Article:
chapter  2
An Overview of Humor Theory
ByCristina Larkin-Galiñanes
Pages 13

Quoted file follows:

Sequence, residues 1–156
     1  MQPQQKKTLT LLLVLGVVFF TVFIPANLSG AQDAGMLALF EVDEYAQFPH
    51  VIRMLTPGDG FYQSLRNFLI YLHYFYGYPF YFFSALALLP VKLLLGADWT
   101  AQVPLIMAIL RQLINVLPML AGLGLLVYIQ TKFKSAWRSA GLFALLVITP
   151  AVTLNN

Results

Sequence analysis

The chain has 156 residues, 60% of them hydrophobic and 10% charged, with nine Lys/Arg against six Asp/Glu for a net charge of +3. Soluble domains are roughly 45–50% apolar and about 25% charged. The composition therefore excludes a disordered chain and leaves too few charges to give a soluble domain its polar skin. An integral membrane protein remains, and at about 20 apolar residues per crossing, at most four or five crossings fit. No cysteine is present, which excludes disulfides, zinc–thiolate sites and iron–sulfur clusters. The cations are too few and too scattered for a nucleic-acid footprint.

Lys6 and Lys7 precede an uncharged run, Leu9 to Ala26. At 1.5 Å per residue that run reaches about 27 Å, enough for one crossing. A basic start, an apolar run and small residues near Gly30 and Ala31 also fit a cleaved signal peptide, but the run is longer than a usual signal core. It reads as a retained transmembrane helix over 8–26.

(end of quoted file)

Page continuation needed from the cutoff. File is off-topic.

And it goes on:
The connection was established between humour and health by the classical writers. Much has been written on the subject of humour over the ages, some of it in the form of lengthy essays, other as passing comments embedded in pieces on other subjects. The social and cultural life of Western Europe in the Middle Ages was dominated by the Church, as was, to some extent, its political life, so what little was written about laughter and humour in this period continued to be influenced by Church authorities, and its tenor was very similar to that already described. Humour researchers, now predominantly psychologists and sociologists rather than philosophers and men of letters as in the past, have accepted the basic premise that humour is a social mechanism with definite social functions such as consensus, conflict, and control, and have converged to study empirically joking, the specific circumstances in which it occurs, and its effects.